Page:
I went to the Critical Role live show last Saturday.  As a person who would never go to a concert because I can listen to the music more comfortably at home, this was a slightly out of character decision.  For those not in the know, Critical Role is a dungeons and dragons game played by hugely talented voice actors that’s taken the internet by storm.  I’ve been watching regularly since 2017 when I got hooked by the prospect of a show that would never disappoint me.  Quite the heady concept after quitting more than a few actual television shows that I realized were not contributing joy to my life.

Due to the fact the show won’t be available to watch until February, I can’t disclose any explicit details.  Generally I’m a big believer in spoilers but the prospect of the cast being disappointed with me after being in the same room with them is more than enough to stay my hand.  So general impressions it is!


First of all, few things will make you feel exhausted like getting up at five to herd cats disguised as second graders then getting on a bus to travel to Los Angeles for a couple hours, quick hit up a friend’s birthday party while trying not to fall asleep on her couch, and then the next night finding yourself in a theatre waiting for your 9 o’clock show – a show you know from experience lasts a minimum of four hours.  I was actually legitimately worried I wouldn’t be able to enjoy the experience or connect with the energy in the room.  My friend and I were in the VIP group so we had a private panel with the cast at 7 before the madness started.  The reality of it all hit me the second they were introduced to the stage and I realized these people were in the same physical space as I was.  After having lived with them in my laptop for years, it was surreal.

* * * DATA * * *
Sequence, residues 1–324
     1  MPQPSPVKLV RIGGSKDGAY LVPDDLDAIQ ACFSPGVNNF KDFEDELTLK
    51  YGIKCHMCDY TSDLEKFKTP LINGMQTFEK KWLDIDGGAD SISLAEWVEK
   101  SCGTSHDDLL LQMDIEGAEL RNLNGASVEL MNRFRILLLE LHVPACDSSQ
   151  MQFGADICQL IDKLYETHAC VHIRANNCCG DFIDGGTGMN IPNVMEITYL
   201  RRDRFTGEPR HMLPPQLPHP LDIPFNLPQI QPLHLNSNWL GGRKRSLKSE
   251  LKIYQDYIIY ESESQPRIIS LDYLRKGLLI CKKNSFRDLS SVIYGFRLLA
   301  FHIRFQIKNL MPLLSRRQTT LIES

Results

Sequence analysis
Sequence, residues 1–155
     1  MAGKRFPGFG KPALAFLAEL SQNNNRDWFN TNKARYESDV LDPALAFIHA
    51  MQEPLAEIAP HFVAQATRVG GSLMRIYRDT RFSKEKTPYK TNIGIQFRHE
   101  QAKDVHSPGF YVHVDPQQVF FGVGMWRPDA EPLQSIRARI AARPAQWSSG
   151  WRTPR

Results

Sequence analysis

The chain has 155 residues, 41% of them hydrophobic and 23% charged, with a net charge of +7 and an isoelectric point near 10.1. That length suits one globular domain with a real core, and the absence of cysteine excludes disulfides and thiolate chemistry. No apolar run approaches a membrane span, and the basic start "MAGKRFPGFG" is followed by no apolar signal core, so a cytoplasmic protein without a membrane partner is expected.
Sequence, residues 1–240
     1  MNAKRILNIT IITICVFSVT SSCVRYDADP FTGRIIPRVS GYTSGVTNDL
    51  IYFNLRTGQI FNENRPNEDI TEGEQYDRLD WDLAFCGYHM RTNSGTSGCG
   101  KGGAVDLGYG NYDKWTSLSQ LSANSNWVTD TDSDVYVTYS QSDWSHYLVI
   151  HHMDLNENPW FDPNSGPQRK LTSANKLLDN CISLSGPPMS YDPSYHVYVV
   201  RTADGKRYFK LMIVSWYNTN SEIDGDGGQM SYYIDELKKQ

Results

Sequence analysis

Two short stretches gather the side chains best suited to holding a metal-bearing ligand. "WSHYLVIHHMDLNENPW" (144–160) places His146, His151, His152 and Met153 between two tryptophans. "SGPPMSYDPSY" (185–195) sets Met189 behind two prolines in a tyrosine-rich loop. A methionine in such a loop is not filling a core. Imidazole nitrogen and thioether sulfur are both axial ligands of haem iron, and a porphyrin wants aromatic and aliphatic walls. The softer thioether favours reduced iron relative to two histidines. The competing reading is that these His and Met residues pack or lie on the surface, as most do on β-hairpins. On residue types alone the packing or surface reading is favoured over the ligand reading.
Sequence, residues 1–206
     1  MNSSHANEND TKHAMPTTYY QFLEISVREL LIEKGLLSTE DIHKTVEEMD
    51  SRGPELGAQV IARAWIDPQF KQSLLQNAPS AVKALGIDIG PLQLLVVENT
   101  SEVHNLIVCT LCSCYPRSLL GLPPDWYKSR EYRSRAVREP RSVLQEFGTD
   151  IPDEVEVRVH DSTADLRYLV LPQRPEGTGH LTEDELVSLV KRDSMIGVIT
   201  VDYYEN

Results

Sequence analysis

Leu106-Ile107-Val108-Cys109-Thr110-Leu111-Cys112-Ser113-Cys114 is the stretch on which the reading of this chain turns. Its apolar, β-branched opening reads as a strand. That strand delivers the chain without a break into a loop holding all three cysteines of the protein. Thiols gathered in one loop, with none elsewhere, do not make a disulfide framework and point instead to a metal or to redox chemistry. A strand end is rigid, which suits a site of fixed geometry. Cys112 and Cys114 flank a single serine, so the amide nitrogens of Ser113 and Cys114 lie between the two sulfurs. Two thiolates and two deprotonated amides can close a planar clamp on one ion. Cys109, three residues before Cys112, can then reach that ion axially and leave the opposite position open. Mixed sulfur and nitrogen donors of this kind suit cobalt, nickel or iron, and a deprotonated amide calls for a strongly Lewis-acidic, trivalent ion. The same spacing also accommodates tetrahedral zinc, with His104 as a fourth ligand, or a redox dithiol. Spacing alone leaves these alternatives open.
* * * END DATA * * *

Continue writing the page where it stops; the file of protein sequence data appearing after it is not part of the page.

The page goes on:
The show itself was hilarious as the cast was pretty clearly playing off the audience.  They’re funny at home but there tend to be more zingers when it’s a live show.  Again, when the break came at 10:30 I was incredibly worried about if I would be enjoying this experience as much as I wanted.  Overanalyzing whether or not you’re legitimately having a good time isn’t a great way to have a good time but luckily it was a short break.  We jumped back in and soon I barely noticed the time.  At some point my friend whispered that it was one in the morning and I really didn’t feel it.  We were bearing down hard on two when something I can’t go into detail about until February happened and I jumped to my feet cheering.

I’ve never been much for sporting events.  Even the ones I have any stake in, such as horse shows, really don’t interest me.  Though most people discourage roaring applause at a horse show since the dressage horses really aren’t the biggest fans of that kind of ruckus when they’re working.  This isn’t Seabiscuit.  Anyway, I would always observe people who got so passionate about their sport that they’d watch for hours then get so into it they were cheering and just wonder what on earth they found so engaging about it.

Well, mystery solved.  At very nearly two in the morning at the Ace Theatre on my feet in heels while clapping and hollering, I absolutely understood the impulse.  You are invested.  You are part of the experience.  Whether you were cast or audience, we were all in it together.

The adrenaline was even enough to get me to bed without falling down!

I’d always wanted to go to a live show of Critical Role but knew logistically it simply couldn’t happen if they didn’t hold one in LA.  Then they did.  Sometimes the universe points at you and says, “Hey, you asked.”  For once I’m glad I asked.